Driven Out Of House And Home - By Newts

On a patch of postcard-perfect English countryside, John and Margie Histed's 300-year-old house was their dream home - until last summer's floods ruined almost everything.

"It was distressing, but frankly you don't get very far by lying down and crying about this sort of thing, what you've got to do is pick yourself up," John Histed told CBS News correspondent Richard Roth.

They did, and repairs would have been done by now - if it hadn't rained last month, flooding the house again.

Still stuck in a trailer, the Histeds discovered their real problem isn't English weather, it's English wildlife.

"The newts are the problem," John said.

"Great crested newts," Margie said.

"Not the common newt, the great crested newt," John said.

About as big as a finger, the ancient amphibious great crested newt is protected by British and European law. John Histed discovered that fact when he found the reason his house keeps flooding is a blocked drainage ditch between a highway and his house.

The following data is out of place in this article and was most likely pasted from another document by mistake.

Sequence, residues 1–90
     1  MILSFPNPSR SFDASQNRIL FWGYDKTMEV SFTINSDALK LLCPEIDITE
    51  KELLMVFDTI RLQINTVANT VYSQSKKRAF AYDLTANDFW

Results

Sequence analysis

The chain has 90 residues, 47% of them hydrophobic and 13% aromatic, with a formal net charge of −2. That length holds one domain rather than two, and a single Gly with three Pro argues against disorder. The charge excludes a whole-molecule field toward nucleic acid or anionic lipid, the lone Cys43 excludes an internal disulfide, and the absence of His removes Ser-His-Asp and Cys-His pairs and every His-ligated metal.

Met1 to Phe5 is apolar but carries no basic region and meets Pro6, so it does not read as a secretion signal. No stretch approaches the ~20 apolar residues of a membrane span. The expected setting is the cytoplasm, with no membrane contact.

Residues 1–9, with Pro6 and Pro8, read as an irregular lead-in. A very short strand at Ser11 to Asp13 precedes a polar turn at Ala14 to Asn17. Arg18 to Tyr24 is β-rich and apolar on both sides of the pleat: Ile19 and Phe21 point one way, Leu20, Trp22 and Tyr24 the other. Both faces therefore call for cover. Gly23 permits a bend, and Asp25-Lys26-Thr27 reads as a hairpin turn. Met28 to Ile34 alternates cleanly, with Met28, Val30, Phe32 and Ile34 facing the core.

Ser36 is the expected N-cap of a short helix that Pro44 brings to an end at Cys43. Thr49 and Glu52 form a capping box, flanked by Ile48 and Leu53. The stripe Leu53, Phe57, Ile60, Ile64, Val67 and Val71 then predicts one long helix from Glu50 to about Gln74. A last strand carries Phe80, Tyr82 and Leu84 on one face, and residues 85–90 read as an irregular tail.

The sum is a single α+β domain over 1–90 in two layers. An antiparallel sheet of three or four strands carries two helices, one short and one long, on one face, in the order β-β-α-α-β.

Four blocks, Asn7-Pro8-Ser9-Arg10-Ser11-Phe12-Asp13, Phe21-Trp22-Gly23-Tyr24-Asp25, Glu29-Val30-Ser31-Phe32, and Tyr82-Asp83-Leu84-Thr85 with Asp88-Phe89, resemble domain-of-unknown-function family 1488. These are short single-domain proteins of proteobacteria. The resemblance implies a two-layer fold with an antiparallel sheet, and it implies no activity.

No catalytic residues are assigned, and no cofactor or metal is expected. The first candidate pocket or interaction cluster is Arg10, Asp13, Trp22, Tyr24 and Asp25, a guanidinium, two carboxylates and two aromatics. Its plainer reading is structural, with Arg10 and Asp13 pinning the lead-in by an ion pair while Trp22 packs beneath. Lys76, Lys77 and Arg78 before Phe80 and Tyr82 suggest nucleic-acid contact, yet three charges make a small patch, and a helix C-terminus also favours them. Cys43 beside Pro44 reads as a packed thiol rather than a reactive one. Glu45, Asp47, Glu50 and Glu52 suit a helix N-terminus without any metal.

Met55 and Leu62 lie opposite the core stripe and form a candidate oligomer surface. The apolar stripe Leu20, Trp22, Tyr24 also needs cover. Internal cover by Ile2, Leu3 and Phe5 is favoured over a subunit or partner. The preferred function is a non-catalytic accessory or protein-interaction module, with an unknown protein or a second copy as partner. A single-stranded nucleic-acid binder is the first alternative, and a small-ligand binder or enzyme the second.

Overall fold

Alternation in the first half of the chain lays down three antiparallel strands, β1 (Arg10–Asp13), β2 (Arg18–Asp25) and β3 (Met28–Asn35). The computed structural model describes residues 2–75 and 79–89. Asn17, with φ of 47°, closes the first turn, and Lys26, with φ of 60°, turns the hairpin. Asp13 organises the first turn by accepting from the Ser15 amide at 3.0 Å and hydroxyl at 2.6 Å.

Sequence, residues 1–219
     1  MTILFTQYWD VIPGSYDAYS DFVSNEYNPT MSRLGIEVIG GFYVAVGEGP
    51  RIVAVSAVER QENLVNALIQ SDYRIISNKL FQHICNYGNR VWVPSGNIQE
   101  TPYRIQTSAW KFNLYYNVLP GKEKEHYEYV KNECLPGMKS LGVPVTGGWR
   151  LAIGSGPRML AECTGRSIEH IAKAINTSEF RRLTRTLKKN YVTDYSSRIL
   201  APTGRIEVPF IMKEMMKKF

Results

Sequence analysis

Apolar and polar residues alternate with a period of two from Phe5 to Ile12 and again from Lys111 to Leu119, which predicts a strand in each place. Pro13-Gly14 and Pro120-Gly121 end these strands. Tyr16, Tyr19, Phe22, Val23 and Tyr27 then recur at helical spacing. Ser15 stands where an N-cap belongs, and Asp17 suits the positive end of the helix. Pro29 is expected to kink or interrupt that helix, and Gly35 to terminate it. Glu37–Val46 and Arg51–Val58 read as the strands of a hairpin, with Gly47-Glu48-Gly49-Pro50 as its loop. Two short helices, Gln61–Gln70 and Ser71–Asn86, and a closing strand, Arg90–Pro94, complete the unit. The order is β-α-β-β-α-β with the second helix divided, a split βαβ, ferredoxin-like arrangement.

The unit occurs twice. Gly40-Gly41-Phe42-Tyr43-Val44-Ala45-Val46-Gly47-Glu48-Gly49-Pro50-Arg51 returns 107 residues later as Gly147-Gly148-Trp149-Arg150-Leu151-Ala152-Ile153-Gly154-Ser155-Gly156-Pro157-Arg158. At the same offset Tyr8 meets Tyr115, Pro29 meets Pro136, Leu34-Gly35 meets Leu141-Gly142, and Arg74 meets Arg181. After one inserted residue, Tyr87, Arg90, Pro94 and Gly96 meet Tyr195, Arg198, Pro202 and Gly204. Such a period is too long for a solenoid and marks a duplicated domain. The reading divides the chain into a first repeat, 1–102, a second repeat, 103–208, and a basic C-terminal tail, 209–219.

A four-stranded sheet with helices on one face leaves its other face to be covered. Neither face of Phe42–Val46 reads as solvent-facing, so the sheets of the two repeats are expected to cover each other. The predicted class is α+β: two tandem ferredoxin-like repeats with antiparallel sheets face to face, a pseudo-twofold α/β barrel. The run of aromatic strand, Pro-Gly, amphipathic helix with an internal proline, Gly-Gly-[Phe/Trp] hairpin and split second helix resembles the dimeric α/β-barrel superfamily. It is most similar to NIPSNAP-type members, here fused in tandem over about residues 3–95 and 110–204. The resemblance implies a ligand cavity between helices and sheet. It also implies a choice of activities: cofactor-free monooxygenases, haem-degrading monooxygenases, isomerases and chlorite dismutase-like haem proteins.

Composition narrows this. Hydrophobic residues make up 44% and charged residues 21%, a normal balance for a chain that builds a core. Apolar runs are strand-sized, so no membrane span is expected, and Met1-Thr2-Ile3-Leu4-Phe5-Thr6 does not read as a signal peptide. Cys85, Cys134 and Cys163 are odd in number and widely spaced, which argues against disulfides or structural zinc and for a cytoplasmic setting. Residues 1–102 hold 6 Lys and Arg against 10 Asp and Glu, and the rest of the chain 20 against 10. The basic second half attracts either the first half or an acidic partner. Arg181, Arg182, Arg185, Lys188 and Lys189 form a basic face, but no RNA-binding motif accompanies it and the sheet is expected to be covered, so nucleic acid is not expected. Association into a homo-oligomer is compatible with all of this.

But clearing the ditch is not so simple. The law says that's absolutely forbidden, because the ditch may be home to a colony of newts.

Has John seen any?

"No," he said.

And no one has. But Britain's highway agency says the ditch now must be surveyed - and any newts must be counted.

Unfortunately for John and Margie Histed, even a newt survey right now is just out of the question because if newts are living here, this is the season they'd be breeding. And trying to count them, might interrupt them.

And that's not allowed either.

At least not for another three months or so, which might leave little time to clear the ditch before it is flood season again.

"A possible newt habitat is taking precedence over a human habitat 300 years old, does it make sense?" John Histed asked.

Well, they were here first.